Thursday, July 6, 2017

Things To Come: Venezuela's Chavista Gangs Take Congress For Eight Hours

Venezuela's Bloody Independence Day: Chavista Gangs Take Congress Hostage for Eight Hours

[The most interesting aspect of this, beyond the shocking nature of these crimes, are the Twitter videos (linked in article) which are emerging. The gangs tactics and fighting looks identical to Antifa in the U.S. It must be the new Modus Operandi of the socialist/communist movement]

Socialist chavista gangs known as “colectivos” stormed Venezuela’s National Assembly Wednesday – the nation’s Independence Day – and kept hundreds of legislators and journalists hostage for eight hours, according to people who were later released.

Gang members also savagely beat legislators and protesters, staining the walls of the national legislator with blood and sending multiple lawmakers to the hospital.
The government of dictator Nicolás Maduro accused the victims of the violence of attempting to “murder” chavistas in a state television report.
Before the siege began, vice president and U.S.-designated “drug kingpin” Tareck El Aissami organized an event to commemorate Independence Day at the nearby Federal Legislative Palace, where he issued remarks calling for a second independence “against the Yankee imperialists” and said the National Assembly had “been hijacked by the same oligarchy that betrayed [Venezuelan founding father Simón] Bolívar.”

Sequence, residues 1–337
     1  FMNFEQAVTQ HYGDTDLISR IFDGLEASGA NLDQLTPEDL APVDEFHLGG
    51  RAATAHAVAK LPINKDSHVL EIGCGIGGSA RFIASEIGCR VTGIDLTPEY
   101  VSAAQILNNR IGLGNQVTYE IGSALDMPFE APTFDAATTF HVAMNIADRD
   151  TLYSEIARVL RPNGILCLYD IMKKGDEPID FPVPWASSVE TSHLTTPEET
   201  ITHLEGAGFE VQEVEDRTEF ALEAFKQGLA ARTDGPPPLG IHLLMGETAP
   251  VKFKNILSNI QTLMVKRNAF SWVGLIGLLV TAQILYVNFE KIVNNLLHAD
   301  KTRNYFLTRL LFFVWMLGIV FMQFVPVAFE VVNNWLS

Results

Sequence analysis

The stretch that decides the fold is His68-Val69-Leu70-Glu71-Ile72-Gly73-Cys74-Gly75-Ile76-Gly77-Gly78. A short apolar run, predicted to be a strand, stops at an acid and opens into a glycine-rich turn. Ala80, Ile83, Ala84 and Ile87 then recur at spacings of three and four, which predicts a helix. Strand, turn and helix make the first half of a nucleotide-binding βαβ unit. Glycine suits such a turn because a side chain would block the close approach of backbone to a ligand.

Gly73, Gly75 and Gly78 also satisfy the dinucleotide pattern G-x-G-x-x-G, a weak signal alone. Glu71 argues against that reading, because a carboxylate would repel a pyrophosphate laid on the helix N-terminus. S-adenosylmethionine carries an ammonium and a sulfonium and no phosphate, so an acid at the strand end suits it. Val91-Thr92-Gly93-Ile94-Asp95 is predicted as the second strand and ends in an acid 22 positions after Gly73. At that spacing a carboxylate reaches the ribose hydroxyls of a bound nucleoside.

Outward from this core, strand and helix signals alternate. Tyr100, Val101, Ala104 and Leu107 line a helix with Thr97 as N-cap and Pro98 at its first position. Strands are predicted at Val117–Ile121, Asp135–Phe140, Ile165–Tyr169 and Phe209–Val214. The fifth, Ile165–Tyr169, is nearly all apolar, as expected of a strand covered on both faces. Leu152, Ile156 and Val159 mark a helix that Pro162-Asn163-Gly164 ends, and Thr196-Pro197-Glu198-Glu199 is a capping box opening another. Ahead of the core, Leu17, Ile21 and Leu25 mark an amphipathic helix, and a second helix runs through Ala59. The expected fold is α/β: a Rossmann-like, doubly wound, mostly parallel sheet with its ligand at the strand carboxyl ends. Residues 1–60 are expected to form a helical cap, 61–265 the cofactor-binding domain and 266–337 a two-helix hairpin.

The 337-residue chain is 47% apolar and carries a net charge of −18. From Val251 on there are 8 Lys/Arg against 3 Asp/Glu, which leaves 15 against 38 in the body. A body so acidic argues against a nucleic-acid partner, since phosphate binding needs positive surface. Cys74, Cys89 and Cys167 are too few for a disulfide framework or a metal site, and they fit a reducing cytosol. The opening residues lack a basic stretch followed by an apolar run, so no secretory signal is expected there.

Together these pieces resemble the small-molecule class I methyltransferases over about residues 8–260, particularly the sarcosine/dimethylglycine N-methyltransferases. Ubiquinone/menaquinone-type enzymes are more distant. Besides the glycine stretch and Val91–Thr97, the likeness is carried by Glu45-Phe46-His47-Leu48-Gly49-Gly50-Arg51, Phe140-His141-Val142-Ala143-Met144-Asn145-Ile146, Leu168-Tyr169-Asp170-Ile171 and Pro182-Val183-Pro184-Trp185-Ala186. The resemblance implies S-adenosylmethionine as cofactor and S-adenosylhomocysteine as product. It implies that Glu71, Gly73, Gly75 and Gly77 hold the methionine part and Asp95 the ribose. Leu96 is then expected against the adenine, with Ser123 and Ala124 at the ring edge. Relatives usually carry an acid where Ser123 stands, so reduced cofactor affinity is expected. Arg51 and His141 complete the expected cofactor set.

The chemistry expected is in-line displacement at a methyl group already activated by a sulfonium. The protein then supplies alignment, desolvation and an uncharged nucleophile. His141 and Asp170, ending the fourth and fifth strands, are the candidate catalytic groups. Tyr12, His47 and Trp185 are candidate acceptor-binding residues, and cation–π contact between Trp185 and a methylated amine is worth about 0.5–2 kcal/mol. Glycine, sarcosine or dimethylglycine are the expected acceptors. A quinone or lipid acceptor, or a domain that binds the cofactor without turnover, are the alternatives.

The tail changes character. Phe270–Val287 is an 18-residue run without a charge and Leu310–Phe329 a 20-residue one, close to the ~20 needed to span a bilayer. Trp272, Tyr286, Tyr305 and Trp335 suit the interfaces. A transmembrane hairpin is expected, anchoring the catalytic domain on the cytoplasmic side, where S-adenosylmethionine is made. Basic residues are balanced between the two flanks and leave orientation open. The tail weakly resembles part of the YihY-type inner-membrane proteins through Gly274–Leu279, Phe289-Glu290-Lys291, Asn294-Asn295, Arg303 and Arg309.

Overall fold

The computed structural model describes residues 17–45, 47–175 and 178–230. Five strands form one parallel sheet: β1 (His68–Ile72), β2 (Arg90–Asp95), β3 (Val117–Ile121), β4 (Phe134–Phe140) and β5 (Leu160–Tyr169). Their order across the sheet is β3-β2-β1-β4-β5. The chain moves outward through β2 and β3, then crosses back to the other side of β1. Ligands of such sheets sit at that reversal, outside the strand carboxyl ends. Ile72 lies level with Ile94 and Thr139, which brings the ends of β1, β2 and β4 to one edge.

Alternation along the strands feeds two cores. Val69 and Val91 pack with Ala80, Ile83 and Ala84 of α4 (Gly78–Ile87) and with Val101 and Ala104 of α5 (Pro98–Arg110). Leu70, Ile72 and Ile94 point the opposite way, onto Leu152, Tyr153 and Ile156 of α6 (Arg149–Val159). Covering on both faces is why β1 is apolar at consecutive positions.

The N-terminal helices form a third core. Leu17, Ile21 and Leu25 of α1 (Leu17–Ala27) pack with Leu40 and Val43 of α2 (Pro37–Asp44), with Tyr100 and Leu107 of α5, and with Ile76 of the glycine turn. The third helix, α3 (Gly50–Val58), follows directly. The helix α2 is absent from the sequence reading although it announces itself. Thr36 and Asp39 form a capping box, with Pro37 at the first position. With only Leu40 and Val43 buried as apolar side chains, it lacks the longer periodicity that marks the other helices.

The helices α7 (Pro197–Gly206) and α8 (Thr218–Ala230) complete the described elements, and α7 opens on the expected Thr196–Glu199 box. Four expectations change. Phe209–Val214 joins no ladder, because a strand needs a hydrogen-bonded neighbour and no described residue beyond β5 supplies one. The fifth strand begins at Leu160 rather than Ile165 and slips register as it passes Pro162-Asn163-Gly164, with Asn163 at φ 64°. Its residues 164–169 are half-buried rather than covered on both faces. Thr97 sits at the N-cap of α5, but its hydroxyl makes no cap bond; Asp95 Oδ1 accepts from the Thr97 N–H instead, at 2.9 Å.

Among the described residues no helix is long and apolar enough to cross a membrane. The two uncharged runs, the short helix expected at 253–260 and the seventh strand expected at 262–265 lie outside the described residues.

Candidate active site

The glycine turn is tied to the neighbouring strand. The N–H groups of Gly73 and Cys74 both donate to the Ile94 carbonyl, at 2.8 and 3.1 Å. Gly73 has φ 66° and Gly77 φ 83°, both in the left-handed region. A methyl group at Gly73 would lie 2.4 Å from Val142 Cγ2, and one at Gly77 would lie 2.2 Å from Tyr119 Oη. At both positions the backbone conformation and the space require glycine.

El Aissami, Dolar Today reports, encouraged action to prevent an election organized by the National Assembly to replace socialist leaders. In a speech this year, Maduro promisedany colectivo a firearm should he vow to attack the opposition, defying his own government’s strict ban on guns.
Shortly after that speech, colectivos stormed the building, beating opposition members with pipes, shooting at them, and robbing anyone trying to escape the building. According to the Venezuelan newspaper El Nacional, more than 350 people were trapped in the legislative capitol building, including “108 journalists, 120 workers, 94 lawmakers, musicians present to play the national anthem, and special guests.” In addition to shooting at, hurling stones at, and beating lawmakers, the colectivos detonated fireworks inside the building, injuring dozens.

The National Assembly published graphic photos of the attack on its Twitter account:

— Asamblea Nacional (@AsambleaVE) July 5, 2017
La Patilla reported that the siege appeared to begin around 11 a.m. local time, and opposition authorities announced at 7:30 p.m. that “most” of those trapped inside had finally been freed. While trapped, some legislators posted videos on social media urging international human rights activists and free nations to act on their behalf.

#Urgente un mensaje al mundo. Los diputados de la  @AsambleaVE estamos secuestrados. #5Jul

— Rosmit Mantilla (@rosmitm) July 5, 2017

Socialist thugs violently attacked those outside, as well. Videos on social media show lawmakers forced to brawl with these thugs to defend themselves from a gang beating: